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Swinging a heavy bat for Michigan
by Theodore Cox
Daily Baseball Writer
Last week Michigan sophomore
Tim Flannelly sported a bruise under
his left eye, an unshaven chin, and a
cold stare that made everyone take
The 6-foot-2, 195 pound
thirdbaseman makes people take
notice on the diamond too. Flannelly
leads the team in batting average,
hitting .380. He held a 22 game
hitting streak that ended Saturday.
He leads the team in game-winning
RBI's with three. And he handles the
hot corner like a regular gold glover.
"I'm swinging okay," Flannelly
said. "You know when I get in those
situations where I can help the club
out with guys in scoring position
I' m just up there hacking away."
Flannelly, however, doesn't get
caught up in the streaks during the
season. He has learned to concentrate
only on winning.
"I don't dwell on the streak
because once you start doing that
you start swinging tentative and not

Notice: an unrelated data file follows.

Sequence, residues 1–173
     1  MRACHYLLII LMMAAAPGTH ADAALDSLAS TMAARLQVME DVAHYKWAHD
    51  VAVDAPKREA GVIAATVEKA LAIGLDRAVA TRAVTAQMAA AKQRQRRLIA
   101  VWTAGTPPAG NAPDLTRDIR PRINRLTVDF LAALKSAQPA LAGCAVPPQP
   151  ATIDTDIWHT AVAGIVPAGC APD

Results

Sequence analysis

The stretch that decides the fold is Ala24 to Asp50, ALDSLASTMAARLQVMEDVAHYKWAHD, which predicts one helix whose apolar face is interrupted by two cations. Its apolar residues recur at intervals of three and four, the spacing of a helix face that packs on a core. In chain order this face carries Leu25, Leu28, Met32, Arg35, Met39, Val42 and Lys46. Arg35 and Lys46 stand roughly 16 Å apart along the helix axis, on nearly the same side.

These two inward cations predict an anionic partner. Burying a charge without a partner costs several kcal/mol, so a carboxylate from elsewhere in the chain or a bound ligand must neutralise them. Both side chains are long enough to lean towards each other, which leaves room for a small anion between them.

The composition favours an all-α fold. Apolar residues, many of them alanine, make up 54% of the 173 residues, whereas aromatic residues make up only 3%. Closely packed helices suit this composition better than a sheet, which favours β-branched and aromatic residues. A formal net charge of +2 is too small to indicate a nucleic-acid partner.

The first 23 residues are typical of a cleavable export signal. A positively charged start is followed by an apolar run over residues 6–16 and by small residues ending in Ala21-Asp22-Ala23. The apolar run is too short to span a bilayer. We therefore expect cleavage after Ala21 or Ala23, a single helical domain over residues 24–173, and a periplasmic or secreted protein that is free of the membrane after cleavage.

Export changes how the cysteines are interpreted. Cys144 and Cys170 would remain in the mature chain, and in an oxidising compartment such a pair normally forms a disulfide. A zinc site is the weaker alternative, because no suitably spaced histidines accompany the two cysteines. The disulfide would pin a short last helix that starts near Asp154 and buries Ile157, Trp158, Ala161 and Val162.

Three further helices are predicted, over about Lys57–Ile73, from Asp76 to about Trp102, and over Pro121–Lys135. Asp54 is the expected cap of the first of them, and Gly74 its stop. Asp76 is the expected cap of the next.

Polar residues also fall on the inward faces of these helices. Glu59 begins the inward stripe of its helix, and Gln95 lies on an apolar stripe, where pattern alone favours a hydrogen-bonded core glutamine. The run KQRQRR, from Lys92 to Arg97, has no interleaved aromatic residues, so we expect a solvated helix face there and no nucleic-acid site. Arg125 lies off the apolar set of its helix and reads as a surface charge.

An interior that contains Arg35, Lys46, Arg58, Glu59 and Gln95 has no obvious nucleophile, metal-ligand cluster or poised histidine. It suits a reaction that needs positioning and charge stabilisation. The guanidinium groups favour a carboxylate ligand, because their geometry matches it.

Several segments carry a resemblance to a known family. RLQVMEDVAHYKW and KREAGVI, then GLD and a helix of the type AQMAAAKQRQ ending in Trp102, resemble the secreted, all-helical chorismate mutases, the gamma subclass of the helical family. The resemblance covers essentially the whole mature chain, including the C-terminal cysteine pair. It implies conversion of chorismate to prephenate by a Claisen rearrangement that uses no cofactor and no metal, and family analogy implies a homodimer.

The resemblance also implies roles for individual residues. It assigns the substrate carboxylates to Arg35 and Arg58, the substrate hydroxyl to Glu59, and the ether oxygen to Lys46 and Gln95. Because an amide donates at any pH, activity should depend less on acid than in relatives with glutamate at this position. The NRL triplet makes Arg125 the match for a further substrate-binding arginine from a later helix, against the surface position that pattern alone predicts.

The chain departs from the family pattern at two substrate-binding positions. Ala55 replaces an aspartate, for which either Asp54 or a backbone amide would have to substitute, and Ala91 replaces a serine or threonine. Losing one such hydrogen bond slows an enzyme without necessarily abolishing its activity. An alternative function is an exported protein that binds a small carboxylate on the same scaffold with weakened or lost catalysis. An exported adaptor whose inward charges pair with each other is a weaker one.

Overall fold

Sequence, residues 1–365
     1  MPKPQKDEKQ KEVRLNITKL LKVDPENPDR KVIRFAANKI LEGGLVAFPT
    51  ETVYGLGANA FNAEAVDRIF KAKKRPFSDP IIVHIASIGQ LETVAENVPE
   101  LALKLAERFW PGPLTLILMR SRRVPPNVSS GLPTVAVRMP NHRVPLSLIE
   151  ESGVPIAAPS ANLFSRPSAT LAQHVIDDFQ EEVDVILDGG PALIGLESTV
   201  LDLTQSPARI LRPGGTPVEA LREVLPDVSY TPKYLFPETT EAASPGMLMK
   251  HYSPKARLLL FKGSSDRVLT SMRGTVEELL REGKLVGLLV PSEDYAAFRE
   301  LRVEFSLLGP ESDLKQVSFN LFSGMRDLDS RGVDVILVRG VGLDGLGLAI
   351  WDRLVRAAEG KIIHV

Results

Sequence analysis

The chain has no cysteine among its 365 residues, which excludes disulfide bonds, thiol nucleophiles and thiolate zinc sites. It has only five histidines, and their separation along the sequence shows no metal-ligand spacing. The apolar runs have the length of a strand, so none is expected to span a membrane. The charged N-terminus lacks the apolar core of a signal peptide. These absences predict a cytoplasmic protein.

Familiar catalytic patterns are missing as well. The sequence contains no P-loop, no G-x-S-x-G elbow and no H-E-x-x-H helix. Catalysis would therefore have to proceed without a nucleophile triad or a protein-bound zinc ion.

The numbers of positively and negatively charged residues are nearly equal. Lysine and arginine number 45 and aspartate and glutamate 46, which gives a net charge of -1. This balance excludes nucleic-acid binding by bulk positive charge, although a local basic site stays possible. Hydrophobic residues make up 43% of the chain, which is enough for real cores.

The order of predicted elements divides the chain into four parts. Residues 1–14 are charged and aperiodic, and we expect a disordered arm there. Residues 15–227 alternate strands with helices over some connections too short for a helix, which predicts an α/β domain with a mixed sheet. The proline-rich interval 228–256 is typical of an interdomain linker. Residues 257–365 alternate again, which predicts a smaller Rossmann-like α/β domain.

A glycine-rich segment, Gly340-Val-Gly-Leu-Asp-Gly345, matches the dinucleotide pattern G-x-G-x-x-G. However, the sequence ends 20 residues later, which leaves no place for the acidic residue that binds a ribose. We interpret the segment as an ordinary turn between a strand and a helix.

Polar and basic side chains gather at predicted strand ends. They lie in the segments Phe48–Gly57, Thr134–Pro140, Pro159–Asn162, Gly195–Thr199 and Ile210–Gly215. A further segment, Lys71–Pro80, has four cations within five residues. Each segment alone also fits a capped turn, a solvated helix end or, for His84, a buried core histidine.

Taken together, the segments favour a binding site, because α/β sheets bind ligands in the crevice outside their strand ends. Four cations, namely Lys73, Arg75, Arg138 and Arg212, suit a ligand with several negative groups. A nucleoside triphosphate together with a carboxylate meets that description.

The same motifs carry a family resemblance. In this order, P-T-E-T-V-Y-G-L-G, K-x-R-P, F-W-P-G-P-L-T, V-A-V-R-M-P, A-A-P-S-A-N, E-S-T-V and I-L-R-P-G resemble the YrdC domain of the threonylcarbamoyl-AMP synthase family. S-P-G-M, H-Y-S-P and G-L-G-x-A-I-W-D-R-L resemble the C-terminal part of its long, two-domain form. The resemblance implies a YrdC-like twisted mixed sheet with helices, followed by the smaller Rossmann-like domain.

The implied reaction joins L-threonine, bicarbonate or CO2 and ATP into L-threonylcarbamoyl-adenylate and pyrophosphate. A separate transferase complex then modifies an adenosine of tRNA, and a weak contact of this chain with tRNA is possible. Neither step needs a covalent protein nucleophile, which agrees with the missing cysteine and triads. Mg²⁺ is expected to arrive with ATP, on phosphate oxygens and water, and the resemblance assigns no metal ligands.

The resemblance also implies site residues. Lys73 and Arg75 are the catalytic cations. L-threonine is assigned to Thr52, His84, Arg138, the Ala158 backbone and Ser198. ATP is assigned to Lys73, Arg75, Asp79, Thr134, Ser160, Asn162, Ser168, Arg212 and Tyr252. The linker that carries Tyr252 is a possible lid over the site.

*turning on pitches you should be,"
"I was in a nice groove against
Central Michigan. I felt for the ball
a little bit, but I don't think that had
anything to do with me thinking
about my streak."
What makes his feat loom even
larger is that Michigan plays mostly
doubleheaders, and therefore
Flannelly must hit in both games to
keep such a streak alive. And when
the Wolverines take the field for a
'M' baseball lives in
purgatory for past sins
by Matt Rennie
Daily Baseball Writer
The Michigan baseball team will not win the Big Ten title this
season. They won't win it next year either.
A team wins the Big Ten baseball title in the conference's post-season
playoffs. Michigan won't be there because they're paying. They're paying
dearly for the work of their former coach, Bud Middaugh, whose mis-
doings landed the program on a two-year probation and ban from post-
Middaugh is not around any more, but he left behind a team whose
season will end on May 13, their last game of the season. Guaranteed. No
playoffs. No College World Series. Nothing after that..
On the night the probation sentence was handed down, the team
practiced at the indoor field house. Coach Bill Freehan met with his team